When ETFs are far too 'clever' for your own good
As passive investments that represent an underlying index, exchange traded funds (ETFs) are great. Access to the passive replication of something that would be very hard for individual investors to do alone is a real service. Where they go wrong is when an issuer creates an "active" ETF because of some fad-like and often momentary demand for one particular investment theme.
The most obvious ones to me are some of the capital-destroying income-focused ETFs that make unrealistic promises about beating the market yield. Many of them add no value to the total return and make up that extra income by effectively returning your capital to you while pretending they have some miraculous income-generating formula that simply doesn't exist.
ETF providers are not shonks and charlatans; in a world of hyper-disclosure, they are not hiding anything, bamboozling anyone, or being "bad" fund managers.
Any ETF does exactly what it says on the box and the performance will always be in line with logic, based on the structure of the fund. Where you will go wrong is to simply believe the marketing without reading the detail, which is clear as day if you bother to look for it.
"Action" has its cost
In the income ETFs there is no way of genuinely delivering higher than average equity yields without money being lifted from somewhere else, so what are they doing? Get reading. Odds are you will quickly come to understand that there is no genius, there is a process, and the outcome is predictable.
In any active ETF there is a cost of "action": the transaction costs, the spread costs, the management costs of buying and selling stocks. An ETF that isn't passive costs more to run.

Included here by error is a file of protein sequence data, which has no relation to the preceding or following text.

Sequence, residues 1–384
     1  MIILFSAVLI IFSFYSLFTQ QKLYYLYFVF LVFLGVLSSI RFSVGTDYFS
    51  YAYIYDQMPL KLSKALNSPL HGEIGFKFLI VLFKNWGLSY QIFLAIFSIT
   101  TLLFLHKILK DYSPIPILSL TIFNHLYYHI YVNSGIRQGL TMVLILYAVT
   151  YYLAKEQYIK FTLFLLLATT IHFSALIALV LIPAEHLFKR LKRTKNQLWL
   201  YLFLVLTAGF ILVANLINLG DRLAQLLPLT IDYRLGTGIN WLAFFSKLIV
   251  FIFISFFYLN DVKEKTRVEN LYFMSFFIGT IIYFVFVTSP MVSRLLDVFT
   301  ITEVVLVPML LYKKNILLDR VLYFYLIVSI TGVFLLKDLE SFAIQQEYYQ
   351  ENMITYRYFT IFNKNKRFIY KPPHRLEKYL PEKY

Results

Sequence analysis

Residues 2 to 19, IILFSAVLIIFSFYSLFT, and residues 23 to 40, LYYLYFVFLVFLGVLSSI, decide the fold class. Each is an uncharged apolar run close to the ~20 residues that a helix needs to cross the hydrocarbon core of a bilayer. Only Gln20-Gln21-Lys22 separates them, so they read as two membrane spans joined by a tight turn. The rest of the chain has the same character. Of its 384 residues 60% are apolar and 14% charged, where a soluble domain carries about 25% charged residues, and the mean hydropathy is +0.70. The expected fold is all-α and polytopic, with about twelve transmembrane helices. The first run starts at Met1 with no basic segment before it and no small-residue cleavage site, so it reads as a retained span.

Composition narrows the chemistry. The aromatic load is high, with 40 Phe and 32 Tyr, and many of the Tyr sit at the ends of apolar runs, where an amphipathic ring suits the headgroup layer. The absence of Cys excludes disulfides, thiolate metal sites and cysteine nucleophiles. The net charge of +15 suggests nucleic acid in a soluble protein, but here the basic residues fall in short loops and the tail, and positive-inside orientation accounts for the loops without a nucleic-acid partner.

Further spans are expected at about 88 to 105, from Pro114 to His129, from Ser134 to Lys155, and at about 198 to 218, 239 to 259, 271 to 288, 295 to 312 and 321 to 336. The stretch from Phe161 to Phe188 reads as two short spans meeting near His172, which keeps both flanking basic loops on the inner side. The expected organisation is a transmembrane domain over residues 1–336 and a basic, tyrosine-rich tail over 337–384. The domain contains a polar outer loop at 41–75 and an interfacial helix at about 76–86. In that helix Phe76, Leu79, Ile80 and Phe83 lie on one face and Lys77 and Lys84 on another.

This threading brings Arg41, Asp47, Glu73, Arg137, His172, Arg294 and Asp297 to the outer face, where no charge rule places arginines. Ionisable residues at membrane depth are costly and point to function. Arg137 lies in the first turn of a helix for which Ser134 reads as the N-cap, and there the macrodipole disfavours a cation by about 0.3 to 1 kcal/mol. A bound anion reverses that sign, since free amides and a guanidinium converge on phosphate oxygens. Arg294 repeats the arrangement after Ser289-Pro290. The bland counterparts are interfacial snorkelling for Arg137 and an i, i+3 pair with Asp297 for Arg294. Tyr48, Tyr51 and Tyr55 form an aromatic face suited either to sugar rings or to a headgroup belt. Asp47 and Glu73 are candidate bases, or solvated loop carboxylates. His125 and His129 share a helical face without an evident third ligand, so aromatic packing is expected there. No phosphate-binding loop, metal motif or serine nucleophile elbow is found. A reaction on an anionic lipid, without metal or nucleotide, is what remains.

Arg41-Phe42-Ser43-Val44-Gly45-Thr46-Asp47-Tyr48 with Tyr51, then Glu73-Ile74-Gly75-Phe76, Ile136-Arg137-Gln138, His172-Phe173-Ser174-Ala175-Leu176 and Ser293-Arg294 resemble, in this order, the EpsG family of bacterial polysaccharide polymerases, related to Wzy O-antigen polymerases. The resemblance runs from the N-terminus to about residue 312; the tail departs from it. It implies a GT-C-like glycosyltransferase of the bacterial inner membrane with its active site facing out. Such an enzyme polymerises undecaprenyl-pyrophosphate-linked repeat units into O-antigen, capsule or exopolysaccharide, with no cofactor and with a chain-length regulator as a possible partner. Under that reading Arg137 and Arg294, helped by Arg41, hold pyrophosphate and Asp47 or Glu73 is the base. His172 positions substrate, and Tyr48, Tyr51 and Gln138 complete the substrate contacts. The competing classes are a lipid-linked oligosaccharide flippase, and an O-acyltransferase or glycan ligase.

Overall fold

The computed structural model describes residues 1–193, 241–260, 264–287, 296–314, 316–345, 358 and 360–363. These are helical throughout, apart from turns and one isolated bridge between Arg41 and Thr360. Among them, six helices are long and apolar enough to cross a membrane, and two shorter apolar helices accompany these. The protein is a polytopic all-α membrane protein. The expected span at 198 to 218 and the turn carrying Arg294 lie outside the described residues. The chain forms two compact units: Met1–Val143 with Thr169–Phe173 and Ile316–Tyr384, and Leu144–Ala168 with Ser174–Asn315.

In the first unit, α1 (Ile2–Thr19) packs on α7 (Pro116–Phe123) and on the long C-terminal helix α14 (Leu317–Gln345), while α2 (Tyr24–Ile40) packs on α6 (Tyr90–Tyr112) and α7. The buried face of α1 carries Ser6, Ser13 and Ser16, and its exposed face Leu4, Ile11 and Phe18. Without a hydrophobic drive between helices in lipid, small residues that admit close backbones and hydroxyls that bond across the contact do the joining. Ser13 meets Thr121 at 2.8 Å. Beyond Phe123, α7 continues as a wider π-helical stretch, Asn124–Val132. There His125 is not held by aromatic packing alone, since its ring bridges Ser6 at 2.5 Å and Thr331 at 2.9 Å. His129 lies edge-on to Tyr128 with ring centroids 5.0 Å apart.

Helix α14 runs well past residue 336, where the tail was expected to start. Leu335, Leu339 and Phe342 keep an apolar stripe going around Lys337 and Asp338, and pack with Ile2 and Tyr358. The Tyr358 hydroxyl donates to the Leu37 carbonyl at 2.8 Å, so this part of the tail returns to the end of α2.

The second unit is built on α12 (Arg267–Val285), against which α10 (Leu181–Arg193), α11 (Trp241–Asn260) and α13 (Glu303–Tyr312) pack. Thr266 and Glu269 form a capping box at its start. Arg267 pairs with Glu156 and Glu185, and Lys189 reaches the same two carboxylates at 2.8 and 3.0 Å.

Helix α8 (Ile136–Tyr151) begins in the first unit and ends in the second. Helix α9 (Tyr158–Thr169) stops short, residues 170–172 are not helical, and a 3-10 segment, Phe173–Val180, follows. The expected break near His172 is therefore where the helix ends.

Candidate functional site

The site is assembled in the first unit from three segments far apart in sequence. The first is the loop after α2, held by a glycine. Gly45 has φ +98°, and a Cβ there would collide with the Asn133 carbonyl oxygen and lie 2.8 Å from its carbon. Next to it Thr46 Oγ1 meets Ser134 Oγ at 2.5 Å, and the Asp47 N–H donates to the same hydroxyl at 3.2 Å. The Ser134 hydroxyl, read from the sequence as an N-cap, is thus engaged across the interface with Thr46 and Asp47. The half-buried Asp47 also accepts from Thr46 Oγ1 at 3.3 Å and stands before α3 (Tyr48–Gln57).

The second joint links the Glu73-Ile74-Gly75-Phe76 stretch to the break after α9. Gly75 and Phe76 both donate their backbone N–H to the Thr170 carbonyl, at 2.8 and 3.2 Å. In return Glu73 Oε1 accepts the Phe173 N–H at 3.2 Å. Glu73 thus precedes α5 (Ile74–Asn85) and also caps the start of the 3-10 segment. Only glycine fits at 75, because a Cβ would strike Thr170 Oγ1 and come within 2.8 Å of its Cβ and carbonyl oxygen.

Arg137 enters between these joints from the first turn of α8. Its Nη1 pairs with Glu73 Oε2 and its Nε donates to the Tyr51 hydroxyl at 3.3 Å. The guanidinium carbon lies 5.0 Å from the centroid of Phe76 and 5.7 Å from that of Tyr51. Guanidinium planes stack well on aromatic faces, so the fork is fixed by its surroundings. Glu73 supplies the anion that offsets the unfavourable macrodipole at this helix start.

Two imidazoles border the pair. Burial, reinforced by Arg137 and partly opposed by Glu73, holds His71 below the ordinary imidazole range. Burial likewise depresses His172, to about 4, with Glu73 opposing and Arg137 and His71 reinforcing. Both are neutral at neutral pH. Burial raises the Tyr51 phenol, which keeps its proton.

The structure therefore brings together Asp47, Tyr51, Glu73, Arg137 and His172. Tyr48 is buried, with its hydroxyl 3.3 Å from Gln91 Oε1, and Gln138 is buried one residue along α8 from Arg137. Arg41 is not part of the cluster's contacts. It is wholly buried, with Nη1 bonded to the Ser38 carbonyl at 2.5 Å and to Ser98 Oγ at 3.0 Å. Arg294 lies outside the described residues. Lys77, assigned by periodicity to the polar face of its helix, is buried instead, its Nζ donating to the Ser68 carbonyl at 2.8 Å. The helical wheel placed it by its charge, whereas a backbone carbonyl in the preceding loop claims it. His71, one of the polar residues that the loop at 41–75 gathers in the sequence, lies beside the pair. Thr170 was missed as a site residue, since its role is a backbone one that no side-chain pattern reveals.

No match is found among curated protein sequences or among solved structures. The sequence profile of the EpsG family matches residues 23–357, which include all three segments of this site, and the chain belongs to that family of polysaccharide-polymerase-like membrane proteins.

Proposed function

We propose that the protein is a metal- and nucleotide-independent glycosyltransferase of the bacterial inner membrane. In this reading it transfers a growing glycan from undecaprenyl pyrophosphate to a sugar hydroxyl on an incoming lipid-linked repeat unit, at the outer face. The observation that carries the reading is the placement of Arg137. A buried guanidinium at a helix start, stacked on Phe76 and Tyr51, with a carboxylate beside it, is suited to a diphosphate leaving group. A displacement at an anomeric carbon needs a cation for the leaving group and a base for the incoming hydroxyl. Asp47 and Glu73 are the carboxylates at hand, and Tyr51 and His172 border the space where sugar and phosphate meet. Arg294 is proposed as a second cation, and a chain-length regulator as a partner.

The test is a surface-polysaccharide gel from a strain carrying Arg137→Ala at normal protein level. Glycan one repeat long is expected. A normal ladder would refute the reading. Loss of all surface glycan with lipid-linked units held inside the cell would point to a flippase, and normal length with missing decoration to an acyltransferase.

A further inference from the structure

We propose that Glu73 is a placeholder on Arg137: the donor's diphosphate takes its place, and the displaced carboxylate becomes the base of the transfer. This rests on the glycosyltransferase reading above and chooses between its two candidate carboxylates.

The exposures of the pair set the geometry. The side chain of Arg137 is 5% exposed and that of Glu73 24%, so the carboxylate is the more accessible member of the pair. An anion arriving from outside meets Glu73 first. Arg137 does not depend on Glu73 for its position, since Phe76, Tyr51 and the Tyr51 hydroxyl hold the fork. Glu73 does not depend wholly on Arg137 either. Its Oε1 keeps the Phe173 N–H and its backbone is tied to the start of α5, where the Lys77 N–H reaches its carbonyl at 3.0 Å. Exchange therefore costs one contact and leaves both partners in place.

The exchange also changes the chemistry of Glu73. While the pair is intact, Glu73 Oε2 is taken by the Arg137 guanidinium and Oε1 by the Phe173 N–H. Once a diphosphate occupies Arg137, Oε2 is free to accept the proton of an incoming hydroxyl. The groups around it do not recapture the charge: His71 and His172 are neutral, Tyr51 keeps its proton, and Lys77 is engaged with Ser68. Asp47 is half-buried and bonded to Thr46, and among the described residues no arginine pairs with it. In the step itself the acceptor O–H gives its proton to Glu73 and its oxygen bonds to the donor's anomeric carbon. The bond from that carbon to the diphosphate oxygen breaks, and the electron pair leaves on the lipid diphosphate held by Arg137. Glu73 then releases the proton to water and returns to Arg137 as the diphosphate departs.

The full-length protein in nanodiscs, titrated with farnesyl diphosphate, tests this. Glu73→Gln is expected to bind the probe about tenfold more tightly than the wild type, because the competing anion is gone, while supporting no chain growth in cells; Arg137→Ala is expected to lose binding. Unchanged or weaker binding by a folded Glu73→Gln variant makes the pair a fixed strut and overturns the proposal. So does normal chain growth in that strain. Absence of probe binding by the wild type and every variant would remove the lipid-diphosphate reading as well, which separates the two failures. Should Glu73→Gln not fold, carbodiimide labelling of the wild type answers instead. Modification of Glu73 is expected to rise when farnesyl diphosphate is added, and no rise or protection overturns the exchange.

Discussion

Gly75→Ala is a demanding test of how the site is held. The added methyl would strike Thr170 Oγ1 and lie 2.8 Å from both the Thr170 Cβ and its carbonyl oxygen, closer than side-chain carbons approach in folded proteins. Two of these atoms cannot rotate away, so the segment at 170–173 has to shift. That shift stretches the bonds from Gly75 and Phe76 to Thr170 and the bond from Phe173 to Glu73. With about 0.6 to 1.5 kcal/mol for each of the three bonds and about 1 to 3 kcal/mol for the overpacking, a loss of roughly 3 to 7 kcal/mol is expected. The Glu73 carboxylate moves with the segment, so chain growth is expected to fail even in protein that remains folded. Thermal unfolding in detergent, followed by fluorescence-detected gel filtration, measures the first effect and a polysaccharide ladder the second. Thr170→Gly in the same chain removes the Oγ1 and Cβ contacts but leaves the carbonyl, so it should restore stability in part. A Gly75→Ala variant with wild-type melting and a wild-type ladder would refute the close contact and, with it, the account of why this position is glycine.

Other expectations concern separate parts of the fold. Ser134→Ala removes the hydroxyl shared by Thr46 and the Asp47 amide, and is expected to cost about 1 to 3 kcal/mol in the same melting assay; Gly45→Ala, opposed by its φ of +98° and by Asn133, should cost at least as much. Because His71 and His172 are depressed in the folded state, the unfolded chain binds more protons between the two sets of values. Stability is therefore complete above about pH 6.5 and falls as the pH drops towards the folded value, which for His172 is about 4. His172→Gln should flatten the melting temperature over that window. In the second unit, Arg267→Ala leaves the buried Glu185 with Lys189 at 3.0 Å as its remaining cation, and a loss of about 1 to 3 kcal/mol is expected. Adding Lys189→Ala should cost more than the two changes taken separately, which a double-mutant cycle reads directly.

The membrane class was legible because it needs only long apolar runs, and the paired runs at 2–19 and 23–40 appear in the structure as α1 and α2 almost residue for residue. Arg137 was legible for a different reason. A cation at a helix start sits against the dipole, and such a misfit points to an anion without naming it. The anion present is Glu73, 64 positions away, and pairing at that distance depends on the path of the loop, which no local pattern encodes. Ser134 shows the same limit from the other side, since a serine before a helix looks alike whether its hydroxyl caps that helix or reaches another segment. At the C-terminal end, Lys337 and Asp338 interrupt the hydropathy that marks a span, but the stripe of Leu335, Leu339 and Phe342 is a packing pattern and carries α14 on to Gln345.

And that's before we come to synthetic ETFs, or ETFs that include some hedging or derivatives. They all nibble away at the total return. Derivatives cost money. Hedging costs money. Spending money on options to reduce volatility, for instance, costs money; options cost money.
Then, of course, there are the fees for management of the fund, and the more active, or less passive, the fund, the more the management costs are going to be. Take off those costs of activity and active ETFs are never going to achieve an average return, let alone an above-average return without some genius or luck, and that's not why most people come to ETFs.
The point is that you have to separate active ETFs from passive ETFs, and if you invest in active, or "clever", ETFs you have to read beyond the marketing to the detail.
Ask these questions
The requirements in a product disclosure statement (PDS) mean all ETF products are very upfront, honest, even if the structure is flawed and the marketing line emphasised above the detail. It's all there for you to read, but you do have to read it to understand what you're getting into. Anyone promising you something for nothing has got their fingers crossed behind their back.
So ask yourself with every ETF: is this plain vanilla, or has this been created for marketing purposes, or because there is a demand for it in the middle of a fad?
An easy filter is to ask whether the ETF has some discretionary/active/non-passive element to it. Look at whether its construction is straightforward.
Does it represent physical assets like gold, for instance, or is it synthetic, created out of or including some smarty pants options or futures positions that are designed to somehow replicate the real thing or hedge something or make something safer (which usually does the opposite).
Does it use derivatives? Whenever a fund uses options or futures, those contracts cost money. They detract constantly from the return, and over the years can do vastly more damage than they do good for investors.
And does it use leverage? You can write a lot of fabulous marketing lines about leveraged products using examples of when it goes in the right direction. But when it doesn't? They don't write about that.
In the end, there are ETFs and then there are ETFs. The ETFs that very efficiently, at low cost, without any bells and whistles, replicate something like an index, without brains, without active management, coming from a major issuer, can be easily understood, trusted and invested in.
It's not hard to spot the safe ones; just make sure you go past the first page of the marketing document.
Get stories like this in our newsletters.